The show must go on, as they say.

In this case, that show is the summer concert series usually held “on the green” in Sam Johnson Park — now streaming from the backyard of musicians direct to your own home; or if you prefer, the participating venue of your choice.

Several local venues are preparing to screen the concert series, including Porter, Kobold, Mazatlan and Over the Edge Taphouse in Crooked River Ranch.

Although they could have held the concert series in the park under the COVID-19 Phase 2 operations guideline, it would have limited attendance to 250 and closed off “all the fun parts of the park,” said Kara Roatch, events director for the Redmond Chamber of Commerce, which presents the annual concert series.

“We would have loved to do the in person, on the green concerts in the park,” said Roatch, but that would have meant creating a perimeter which would block off access to Hope Park, the popular ADA playground, and the pavilion — as well as selling tickets and having attendees register to make contact tracing possible.

The free concerts usually draw upwards of 1,000 people, Roatch said, so they also would have to be prepared to turn people away, including those who might just want to be at the playground.

“That’s not what we’re about — we’re about including the whole community.”

So they turned to “technological magic,” as Roatch described the livestream process.

They also didn’t want to create a “haphazard environment” for the many business and food vendors, said Roatch. Some vendors will be setting up at the venues screening the concerts and others are accessible in an online vendor marketplace, which businesses may join through the summer.

The concerts are also host to fundraising for local nonprofits, either through a link on the website or a donation jar managed by a chamber member at the broadcast sites, said Roatch. The first nonprofit on the roster is Jericho Road.

Roatch said they are open to venues throughout Central Oregon showing the livestream concerts and anyone interested may contact her.

She is optimistic that they will be able to have in-person attendance for the last concert, as well as the livestream — something they hope to continue in future years.

“It’s awful that we’re all forced into this kind of thing, but I think even when we go back to live and in-person next year we’re going to maintain the livestream because it gives the sponsors, musicians, and others more exposure — it’s not just for locals it’s for everybody.”

Some familiar names will be playing over the summer — Bobby Lindstrom, Juju Eyeball and the Hokulea Dancers — but the concert opens with Olivia Knox, a young singer-songwriter from Bend.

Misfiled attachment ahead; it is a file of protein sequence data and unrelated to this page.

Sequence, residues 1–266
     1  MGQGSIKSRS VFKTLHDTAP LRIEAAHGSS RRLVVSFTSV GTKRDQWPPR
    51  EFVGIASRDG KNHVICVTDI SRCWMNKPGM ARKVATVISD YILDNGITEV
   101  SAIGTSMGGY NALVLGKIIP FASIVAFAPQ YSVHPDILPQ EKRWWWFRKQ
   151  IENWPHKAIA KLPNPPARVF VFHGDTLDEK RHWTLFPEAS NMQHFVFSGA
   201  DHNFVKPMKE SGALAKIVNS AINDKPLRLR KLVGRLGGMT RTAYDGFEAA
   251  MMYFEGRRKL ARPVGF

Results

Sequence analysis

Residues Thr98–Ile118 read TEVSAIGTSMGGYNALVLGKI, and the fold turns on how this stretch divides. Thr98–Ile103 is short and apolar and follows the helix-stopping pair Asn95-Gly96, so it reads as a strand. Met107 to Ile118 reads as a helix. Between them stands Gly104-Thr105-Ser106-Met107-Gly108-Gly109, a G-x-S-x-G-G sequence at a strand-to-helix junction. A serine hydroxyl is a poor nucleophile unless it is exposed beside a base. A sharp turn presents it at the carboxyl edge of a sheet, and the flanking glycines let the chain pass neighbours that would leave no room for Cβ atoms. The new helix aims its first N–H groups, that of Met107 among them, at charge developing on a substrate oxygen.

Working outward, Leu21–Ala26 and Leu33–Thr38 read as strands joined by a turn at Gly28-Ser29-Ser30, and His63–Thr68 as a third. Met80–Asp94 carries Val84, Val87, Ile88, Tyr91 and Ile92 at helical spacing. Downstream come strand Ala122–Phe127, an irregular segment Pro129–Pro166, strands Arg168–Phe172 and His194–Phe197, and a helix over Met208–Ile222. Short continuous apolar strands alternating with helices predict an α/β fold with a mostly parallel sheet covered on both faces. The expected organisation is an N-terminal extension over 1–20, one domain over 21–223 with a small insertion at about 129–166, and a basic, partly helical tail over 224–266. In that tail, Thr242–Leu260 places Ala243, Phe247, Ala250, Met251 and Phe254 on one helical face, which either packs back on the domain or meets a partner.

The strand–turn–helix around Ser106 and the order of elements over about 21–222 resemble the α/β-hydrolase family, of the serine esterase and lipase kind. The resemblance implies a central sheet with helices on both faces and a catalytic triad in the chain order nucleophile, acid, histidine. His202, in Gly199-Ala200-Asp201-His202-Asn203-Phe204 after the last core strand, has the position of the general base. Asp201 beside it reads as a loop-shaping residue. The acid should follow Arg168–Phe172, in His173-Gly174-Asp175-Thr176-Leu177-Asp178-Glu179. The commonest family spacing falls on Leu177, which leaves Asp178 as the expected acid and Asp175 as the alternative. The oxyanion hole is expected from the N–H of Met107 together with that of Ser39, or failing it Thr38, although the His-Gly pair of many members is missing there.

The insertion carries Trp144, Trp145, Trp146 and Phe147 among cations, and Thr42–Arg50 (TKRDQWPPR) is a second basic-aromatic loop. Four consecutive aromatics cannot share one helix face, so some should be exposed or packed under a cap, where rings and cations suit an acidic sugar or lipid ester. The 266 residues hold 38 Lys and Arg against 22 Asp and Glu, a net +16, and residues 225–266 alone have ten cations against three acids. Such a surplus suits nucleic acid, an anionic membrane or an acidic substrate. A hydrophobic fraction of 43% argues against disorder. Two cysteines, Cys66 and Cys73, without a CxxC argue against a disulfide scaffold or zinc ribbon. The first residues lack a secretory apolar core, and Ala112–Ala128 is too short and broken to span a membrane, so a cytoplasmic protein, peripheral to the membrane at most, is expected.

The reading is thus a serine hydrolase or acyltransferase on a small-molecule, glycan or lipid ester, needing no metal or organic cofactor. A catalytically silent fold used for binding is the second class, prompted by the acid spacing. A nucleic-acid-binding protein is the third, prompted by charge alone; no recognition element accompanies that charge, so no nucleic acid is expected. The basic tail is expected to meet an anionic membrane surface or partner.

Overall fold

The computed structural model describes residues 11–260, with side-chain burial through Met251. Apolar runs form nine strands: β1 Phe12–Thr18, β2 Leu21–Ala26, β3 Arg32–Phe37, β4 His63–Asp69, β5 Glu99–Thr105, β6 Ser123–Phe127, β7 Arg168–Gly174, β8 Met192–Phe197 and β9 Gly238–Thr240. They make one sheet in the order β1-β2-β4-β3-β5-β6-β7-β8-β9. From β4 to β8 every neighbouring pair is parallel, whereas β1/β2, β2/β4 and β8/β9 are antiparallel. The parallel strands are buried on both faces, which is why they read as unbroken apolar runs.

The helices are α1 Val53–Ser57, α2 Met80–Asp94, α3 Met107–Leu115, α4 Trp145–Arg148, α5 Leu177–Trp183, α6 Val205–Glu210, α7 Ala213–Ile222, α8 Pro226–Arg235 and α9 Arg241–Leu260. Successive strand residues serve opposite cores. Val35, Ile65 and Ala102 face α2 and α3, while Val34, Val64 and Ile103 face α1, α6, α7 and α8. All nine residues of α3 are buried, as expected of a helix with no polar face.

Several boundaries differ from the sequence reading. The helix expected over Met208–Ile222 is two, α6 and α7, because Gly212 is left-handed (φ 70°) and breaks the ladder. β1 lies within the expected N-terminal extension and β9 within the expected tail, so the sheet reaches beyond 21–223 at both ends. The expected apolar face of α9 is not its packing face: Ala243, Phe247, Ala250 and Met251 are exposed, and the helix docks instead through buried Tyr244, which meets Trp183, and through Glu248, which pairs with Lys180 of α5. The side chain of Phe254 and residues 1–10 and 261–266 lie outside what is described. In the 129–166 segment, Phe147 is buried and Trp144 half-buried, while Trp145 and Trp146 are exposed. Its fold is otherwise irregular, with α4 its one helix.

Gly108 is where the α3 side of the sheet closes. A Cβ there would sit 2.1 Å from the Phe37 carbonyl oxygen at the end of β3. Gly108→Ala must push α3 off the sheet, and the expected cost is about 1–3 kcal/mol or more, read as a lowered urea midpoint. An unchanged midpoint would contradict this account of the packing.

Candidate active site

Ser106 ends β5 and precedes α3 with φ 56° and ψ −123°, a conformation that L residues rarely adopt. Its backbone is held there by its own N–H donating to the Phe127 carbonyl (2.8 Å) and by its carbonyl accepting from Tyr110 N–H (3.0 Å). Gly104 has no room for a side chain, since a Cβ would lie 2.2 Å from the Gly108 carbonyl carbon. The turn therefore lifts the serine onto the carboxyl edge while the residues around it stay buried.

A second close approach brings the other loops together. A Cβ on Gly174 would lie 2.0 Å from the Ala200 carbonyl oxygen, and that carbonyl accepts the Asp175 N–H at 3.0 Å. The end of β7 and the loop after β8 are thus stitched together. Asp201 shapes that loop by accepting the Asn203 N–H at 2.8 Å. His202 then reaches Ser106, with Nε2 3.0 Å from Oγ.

Knox was a last minute addition to the lineup, said Roatch, suggested by Chris Ossig, “the tech guy,” who is setting up with the artists to record the livestream, when a member of the originally scheduled band had a health emergency.

The group coordinating the concerts “fell in love (with Knox) instantly,” said Roatch. “She has a very fresh sound, something that hasn’t been heard in our concert series for a long time, at least since I’ve been the events director.”

Knox, who is 17 years old, will be playing original and cover songs on ukulele and guitar, accompanied by drummer Nole Kennedy and pianist James Knox, who is Olivia’s father.

Growing up in a very musical home is an inspiration for Knox, whose father teaches music and also founded the Bend Children’s Choir.

“I grew up in his choir — that’s how I grew to love music. He was showing me how fun it could be at a young age.”

Other musical influences include folk and indie artists such as Mindy Gledhill. She began performing at a “First Friday” when she was in sixth grade. “I basically sang all her (Gledhill’s) songs.”

Knox was also writing her own songs and started playing at open mic sessions with her ukulele a couple of years later, at the suggestion of her mom, who now supports her as social media manager and booking agent.

Storytelling and making a difference are a big part of Knox’s songwriting. “Basically I write anything that inspires me or that I’m passionate about,” said Knox.

One issue Knox is passionate about is fighting sex trafficking. She wrote her song “Lost Girl” for Sudara, a group founded in Bend to help women in India leave the sex trade through education and learning skills to support themselves in a sewing center.

“I was like, wow, there are girls my age who don’t have a right to their own body. I have so many rights, thinking about these women just hurt me. I thought how can I be involved?”

Knox plans to study songwriting in Nashville after she graduates high school next year.

The concerts, presented by the Redmond Chamber of Commerce and sponsored by First Interstate Bank and Eberhard’s Dairy Products, will be every other Wednesday evening from 6-7:30 p.m. through Sept. 2 and the livestream is accessible at

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